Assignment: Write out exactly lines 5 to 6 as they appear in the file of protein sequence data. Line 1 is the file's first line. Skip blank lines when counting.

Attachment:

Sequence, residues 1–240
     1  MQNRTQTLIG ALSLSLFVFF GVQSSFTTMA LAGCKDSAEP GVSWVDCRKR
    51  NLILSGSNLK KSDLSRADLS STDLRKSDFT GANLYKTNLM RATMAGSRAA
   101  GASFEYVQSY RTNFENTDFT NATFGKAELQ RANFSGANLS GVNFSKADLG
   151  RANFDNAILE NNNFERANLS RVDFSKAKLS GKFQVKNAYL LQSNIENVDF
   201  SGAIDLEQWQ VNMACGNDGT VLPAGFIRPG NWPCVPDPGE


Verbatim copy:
   151  RANFDNAILE NNNFERANLS RVDFSKAKLS GKFQVKNAYL LQSNIENVDF
   201  SGAIDLEQWQ VNMACGNDGT VLPAGFIRPG NWPCVPDPGE